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[en] The use of semiconductor sensors in dosimeters is attractive for a variety of reasons including potential low cost and high sensitivity. However, the accurate measurement of the radiation dose to tissue using solid state detectors is made difficult by the relatively high atomic number of semiconductor materials. This leads to an over response to gamma ray energies below 100 keV and an under response above that. If the energy spectrum is known, corrections can be applied to yield accurate dose. In real life situations, however, the energy spectrum is not always known and may be difficult to determine at high flux rates. Also, in some cases, the energy spectrum may change with time. This paper reports that, by operating a custom-designed CdTe sensor in the pulse mode and measuring the average energy deposited, a nearly-linear relationship between the tissue dose rate and the sensor signal was obtained. Based on this technique, a prototype detector and dosimeter system were developed
[en] Research in dosimetry systems at Radiation Monitoring Devices has resulted in the development of a technique which permits the energy deposited in the CdTe detector to be directly related to the tissue dose over a wide range of energy. This relationship has been utilized in the development of two prototype dosimeter instruments. The first of these serves as the basis for a compact unit which provides nearly tissue equivalent response to personnel exposure to potentially large and uncharacterized doses of radiation. The second instrument is a solid state integrating dosimeter system, developed for space flight applications, which is designed to monitor crew exposure to gamma rays and particles. Several CdTe detectors were used with filtering and anticoincidence techniques to separately monitor exposure to gamma rays and charged particles. (orig.)
[en] In semiconductor crystal growth processes, the quality of the final product strongly depends on adequate control of freezing parameters including rate of solidification, the position and shape of the liquid-solid interface, and the temperature gradient at the interface. In particular, the shape and position of the interface directly affects material properties and must be controlled to a particular geometry to prevent loss of crystallinity and the formation of defects like spurious nucleation and twinning. The interface shape also affects stress in the crystals and can help prevent the resolidified material from sticking to the ampoule
[en] A new nuclear survey instrument with an imaging capability is being developed for remotely locating high level radioactive sources with minimal operator exposure. It combines an image of the distribution of radioactivity with a video image of the area containing the source, allowing rapid, remote location of the source. The nuclear imaging system is based on a position sensitive photomultiplier tube and a diverging hole collimator. In this paper the design and measured performance of a prototype device are discussed
[en] Experiments on co-doped CsI:Tl,Sm suggest that samarium electron traps scavenge electrons from thallium traps and that electrons subsequently released by samarium recombine non-radiatively with trapped holes, thus suppressing afterglow. These experiments support the inference that electrons tunnel freely between samarium ions and are trapped preferentially as substitutional Sm+ near VKA(Tl+) centers where non-radiative recombination is the rate-limiting step. Combined radioluminescence, afterglow and thermoluminescence on single-crystal samples of CsI:Tl and CsI:Tl,Sm, recorded sequentially at adjusted gain settings following low-temperature irradiation, reveal reversible radiation damage as well.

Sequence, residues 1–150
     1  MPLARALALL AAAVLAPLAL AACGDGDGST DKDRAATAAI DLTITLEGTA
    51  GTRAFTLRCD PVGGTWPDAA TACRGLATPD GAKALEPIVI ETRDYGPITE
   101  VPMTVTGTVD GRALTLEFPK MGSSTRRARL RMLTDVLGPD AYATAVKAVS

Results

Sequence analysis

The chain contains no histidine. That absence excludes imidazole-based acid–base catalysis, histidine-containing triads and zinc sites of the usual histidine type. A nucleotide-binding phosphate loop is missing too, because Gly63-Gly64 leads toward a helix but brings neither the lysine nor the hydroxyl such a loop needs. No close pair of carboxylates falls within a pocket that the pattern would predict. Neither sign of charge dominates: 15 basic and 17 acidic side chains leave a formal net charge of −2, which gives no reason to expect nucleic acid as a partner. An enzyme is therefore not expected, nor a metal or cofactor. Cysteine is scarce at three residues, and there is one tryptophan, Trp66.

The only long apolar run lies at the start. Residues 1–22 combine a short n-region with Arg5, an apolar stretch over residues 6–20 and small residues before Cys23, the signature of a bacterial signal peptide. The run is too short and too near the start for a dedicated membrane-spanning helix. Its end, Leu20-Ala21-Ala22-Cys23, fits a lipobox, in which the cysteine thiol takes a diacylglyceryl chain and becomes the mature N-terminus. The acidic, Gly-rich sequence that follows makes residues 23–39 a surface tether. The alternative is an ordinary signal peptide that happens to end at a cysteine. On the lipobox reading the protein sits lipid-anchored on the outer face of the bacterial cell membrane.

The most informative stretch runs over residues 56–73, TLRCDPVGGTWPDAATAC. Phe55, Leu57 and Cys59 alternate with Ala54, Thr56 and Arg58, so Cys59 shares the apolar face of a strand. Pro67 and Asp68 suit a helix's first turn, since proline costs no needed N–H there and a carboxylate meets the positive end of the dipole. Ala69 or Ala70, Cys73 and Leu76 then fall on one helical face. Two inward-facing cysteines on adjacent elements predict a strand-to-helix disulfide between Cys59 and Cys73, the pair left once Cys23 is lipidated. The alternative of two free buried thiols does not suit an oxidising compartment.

[en] Combined radioluminescence, afterglow and thermoluminescence experiments on single-crystal samples of co-doped CsI:Tl,Sm suggest that deeper samarium electron traps scavenge electrons from shallower thallium traps and that electrons subsequently released by samarium recombine non-radiatively with holes trapped as VKA(Tl+) centers, thus providing a mechanism for suppression of trapped-charge accumulation in repetitive applications. In the present investigation, experiments performed on two single-crystal samples of CsI:Tl,Sm with nominal concentrations of 0.11% Tl+ and of 0.2% and 0.05% Sm2+, respectively, support the inference that electrons tunnel freely between samarium ions and are trapped preferentially near VKA(Tl+) centers where non-radiative recombination is the rate-limiting step.
[en] One of the most important contributions to the radiation exposure of astronauts engaged in space flight is the significant flux of high energy neutrons arising from both primary and secondary sources of ionizing radiation. Under NASA sponsorship, the authors are developing a solid state neutron sensor capable of being incorporated into a very compact, flight instrument to provide high quality real time measurement of this important radiation flux. The dosimeter uses a special, high neutron sensitivity, PIN diode that is insensitive t the other forms of ionizing radiation. The dosimeter will have the ability to measure and record neutron dose over a range of 50 microgray to tens of milligrays (5 millirads to several rads) over a flight of up to 30 days. the performance characteristics of the PIN diode with a detailed description of the overall dosimeter is presented. in this paper